March 5, 2024

PTLens is now advertising itself as an external editor for Lightroom. While not in the same form a plugin would take, it’s still quite similar to some Aperture plugins, i.e. convert the file and process it then.
For those not familiar with PTLens, it provides lens distortion corrections not currently available in Lightroom. To be precise it fixes pincushion/barrel distortion, vignetting, chromatic aberration, and perspective distortion. The corrections are automatic based on a database of lenses.

There is a trial version available, which can be converted to a full version for a paltry $15. Note that the external editor requires V2 of Lightroom.

8 thoughts on “PTLens

  1. ptlens is a marvel.
    i used it for two years now.
    it’s cheap and it’s automatic. it’s great productivity. you cannot work without this plugin if you are in architecture. but also for general photography: some zoom lenses have enourmous curvature in their centers. This one corrects it all! lr3 and ps5 are simply not good enough for lens corrections
    so have a go and download the trial to see the difference(s)!

    1. You leave out the one main issue. You have to render the file. Have you actually used LR3 corrections? They’re quite good. And I say that as a PT Lens owner.

  2. John, you know as well as I do the current state of the SDK and what it allows for. An application that performs a function that Lightroom doesn’t, albeit through a rendered file, is still better than nothing. Photoshop doesn’t perform the correction based on lens data, which makes this a useful addition.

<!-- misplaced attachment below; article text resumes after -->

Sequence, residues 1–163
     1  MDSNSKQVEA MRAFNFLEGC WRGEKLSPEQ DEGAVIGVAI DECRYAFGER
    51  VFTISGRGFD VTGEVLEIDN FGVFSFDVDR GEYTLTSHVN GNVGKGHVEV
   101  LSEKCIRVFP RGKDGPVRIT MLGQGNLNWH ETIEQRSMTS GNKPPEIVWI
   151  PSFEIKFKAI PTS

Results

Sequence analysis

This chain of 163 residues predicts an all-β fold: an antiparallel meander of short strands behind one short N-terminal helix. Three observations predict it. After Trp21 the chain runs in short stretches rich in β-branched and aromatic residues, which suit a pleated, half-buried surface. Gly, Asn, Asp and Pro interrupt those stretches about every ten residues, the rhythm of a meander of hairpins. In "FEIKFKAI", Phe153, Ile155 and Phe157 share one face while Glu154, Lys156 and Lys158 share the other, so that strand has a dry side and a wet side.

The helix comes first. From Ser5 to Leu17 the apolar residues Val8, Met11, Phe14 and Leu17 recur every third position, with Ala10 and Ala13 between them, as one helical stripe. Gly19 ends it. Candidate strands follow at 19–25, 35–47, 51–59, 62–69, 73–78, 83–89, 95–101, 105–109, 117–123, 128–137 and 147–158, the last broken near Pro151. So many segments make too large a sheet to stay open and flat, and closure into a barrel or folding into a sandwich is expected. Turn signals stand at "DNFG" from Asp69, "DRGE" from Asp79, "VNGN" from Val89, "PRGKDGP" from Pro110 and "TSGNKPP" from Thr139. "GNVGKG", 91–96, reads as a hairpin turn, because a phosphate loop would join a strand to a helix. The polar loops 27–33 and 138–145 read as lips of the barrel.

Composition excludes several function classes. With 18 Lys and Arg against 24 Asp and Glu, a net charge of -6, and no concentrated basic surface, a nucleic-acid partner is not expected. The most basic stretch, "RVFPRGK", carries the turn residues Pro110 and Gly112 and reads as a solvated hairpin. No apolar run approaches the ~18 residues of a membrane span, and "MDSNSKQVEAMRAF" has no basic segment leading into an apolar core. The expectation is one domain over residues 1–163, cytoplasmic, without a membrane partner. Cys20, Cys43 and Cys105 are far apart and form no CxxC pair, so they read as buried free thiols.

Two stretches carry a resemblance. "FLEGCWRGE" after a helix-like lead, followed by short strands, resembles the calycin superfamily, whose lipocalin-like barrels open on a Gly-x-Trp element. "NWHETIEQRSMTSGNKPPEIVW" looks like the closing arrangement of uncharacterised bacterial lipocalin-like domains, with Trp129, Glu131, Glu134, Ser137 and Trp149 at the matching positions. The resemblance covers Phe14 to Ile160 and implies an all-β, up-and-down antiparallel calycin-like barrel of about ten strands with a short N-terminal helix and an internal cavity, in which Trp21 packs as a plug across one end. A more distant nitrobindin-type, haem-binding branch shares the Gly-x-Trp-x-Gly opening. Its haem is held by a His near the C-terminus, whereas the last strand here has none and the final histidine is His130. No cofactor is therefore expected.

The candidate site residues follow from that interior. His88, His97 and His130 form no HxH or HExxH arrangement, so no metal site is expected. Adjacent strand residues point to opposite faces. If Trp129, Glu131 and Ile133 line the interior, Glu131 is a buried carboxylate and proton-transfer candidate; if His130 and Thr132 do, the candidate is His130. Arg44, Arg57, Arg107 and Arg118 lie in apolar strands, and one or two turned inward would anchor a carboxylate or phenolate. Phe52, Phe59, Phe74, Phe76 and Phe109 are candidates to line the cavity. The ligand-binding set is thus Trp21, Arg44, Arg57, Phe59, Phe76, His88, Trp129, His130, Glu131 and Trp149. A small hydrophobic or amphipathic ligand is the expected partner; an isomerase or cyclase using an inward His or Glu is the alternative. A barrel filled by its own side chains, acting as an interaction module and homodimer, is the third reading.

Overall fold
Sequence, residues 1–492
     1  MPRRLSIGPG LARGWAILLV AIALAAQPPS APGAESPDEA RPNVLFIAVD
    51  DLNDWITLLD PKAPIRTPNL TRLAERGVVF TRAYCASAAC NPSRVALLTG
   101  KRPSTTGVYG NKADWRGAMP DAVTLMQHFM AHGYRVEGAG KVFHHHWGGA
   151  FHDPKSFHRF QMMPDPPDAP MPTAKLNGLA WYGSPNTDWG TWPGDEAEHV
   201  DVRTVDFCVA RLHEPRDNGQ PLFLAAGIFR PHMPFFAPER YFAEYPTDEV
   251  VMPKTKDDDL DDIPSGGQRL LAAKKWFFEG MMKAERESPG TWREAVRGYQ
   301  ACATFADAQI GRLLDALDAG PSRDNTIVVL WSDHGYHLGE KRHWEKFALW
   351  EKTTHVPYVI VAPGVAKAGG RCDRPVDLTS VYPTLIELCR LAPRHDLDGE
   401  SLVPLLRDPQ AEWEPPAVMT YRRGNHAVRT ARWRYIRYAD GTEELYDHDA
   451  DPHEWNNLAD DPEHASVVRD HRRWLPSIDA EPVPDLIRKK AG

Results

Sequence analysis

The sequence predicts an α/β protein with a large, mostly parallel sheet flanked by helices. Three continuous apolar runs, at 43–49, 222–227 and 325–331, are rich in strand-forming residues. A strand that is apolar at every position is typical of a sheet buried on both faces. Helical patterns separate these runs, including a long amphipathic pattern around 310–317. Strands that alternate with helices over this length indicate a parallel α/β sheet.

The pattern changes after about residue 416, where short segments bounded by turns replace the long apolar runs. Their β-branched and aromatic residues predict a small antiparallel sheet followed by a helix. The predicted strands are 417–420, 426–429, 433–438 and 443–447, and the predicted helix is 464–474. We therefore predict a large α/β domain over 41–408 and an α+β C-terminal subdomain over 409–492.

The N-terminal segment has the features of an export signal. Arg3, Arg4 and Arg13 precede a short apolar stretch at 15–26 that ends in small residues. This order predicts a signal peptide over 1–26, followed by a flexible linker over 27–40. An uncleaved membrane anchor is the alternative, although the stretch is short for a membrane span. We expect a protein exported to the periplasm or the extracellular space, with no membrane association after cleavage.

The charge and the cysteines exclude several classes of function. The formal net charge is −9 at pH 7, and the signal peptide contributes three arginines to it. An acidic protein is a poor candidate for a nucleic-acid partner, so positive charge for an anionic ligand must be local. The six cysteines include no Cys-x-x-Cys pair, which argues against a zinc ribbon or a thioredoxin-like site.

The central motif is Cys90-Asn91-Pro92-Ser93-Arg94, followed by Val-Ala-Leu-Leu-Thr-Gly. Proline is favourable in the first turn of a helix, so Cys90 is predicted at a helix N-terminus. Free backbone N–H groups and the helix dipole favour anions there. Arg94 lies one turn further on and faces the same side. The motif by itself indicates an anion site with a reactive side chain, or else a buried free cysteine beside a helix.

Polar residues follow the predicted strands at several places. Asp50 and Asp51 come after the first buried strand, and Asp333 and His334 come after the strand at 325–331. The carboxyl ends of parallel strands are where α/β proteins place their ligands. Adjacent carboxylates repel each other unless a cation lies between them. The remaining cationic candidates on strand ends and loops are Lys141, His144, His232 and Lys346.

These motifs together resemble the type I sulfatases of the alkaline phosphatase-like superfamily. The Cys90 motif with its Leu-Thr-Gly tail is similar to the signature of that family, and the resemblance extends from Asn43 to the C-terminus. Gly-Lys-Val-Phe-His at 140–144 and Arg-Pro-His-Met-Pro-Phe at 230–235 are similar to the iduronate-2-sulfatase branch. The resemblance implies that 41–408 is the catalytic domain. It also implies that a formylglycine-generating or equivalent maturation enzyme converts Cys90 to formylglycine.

Word or Excel doesn’t deal with images files as a main format, while you can import them the ultimate output is a Word or Excel file.

    It’s no more a plugin than the Dodge and Burn sample plugin that came with Aperture, but it does use the only current way possible to hook into Lightroom, as an External Editor. If you’ve looked at it, you’d see that it’s dropped off all the excess to keep it as small as possible to work in only this function (i.e as PTLens Edit, rather than the full app).

  3. thanks for the great find. after trying it on one image i was sold. just bought a license. i also own dxo but the dng files it was producing would have issues with color. go figure. thanks sean

  4. By that count even a program that couldn’t render a tif – Word or Excel, for instance – could call itself a plug in since LR would create and catalogue the tif. False or hyped claims deserve a dose of ridicule.

  5. They all want to be Lightroom’s best friend, don’t they?

    Being “integrated” or “a plug-in” has to mean a little more than editing a rendered tif. Until their claims amount to more, maybe we should call such applications “strap ons”?

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